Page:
Mile-High Health Reform
Dr. Patricia Gabow molds Denver's public health system into a national model.
Twelve years ago, Denver's public hospital was in a clinical condition that could only be described as critical, with faltering public support and a $39 million deficit. Today Denver Health is widely regarded as a model public health system, thanks in large part to its CEO, Dr. Patricia Gabow.
A native Pennsylvanian, Gabow grew up in a family of teachers. At 12, however, she formulated a different goal for herself: becoming a doctor. After studying to become a nephrologist or kidney specialist at the University of Pennsylvania School of Medicine, Gabow moved to Denver in 1973 to establish a nephrology program at its public hospital. In 1997, she took over as CEO.
Gabow's first step was reconstituting the public hospital as a stand-alone hospital authority. She used her new autonomy to build a network of clinics that could serve needy residents before they reached the emergency room. Using process improvement techniques pioneered by Toyota, she strengthened operations while making huge investments in electronic health records and health IT. In the process, Gabow put Denver Health in the black-and made the city a national model of integrated care.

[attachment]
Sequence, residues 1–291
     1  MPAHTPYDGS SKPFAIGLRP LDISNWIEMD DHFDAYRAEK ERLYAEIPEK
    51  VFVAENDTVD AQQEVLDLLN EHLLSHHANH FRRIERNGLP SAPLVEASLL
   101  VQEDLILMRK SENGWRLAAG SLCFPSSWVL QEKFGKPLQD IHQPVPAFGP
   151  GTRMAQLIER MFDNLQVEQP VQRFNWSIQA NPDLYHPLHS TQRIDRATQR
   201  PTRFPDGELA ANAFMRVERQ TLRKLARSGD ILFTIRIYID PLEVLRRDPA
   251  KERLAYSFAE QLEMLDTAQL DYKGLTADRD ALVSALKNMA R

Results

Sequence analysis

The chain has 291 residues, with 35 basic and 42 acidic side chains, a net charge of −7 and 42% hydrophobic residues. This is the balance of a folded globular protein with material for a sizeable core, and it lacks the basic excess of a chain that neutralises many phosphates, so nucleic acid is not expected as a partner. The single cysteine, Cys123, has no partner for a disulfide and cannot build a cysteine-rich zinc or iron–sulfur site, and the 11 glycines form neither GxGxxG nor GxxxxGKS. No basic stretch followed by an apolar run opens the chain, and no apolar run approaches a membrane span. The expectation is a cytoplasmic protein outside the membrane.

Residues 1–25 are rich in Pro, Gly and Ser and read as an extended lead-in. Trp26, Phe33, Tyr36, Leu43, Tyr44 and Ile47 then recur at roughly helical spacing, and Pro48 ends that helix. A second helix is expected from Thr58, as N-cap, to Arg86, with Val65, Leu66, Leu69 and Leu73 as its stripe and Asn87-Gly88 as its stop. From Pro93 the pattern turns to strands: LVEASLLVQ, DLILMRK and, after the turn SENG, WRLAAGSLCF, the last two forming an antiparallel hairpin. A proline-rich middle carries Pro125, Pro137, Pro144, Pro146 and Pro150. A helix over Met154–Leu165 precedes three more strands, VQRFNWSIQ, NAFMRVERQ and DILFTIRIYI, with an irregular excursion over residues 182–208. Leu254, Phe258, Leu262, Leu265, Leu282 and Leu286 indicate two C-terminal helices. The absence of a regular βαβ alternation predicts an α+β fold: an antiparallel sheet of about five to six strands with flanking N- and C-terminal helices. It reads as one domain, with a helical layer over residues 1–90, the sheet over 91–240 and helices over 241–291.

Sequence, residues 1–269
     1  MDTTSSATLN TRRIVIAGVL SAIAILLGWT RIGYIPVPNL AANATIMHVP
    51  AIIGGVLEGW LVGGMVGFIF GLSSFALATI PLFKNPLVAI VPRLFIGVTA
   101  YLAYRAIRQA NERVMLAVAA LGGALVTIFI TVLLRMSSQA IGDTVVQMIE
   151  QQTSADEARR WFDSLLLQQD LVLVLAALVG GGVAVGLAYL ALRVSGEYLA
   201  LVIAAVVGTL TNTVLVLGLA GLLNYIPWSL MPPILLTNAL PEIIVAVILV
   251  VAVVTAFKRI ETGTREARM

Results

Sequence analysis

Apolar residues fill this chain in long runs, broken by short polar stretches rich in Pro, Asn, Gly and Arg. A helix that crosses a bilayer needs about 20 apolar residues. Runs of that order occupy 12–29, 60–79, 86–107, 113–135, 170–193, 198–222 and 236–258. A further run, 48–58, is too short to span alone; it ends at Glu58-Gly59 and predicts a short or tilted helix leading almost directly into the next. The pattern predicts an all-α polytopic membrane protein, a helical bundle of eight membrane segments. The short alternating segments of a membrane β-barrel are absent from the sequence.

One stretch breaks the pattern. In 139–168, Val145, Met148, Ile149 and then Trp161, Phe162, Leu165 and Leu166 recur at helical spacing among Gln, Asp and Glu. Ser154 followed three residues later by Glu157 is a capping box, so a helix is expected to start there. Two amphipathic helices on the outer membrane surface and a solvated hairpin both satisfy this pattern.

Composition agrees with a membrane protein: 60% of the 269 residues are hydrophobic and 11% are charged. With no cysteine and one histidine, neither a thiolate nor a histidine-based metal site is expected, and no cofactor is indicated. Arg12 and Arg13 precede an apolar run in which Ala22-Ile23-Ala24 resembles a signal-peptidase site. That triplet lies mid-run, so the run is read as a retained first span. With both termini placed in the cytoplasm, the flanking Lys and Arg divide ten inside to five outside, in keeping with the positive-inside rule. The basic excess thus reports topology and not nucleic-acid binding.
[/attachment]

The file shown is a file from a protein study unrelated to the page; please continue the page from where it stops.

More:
Recently appointed to a new federal commission on Medicaid and the Children's Health Insurance Program, her new focus is on Medicaid challenges post-health-care reform. One, Gabow says, is, "How does one create a reasonable floor for access coverage and quality across all the states?" Another challenge is the fee-for-service nature of Medicaid, "which is a problem not just for Medicaid," she says. "It's a problem with our whole delivery model."
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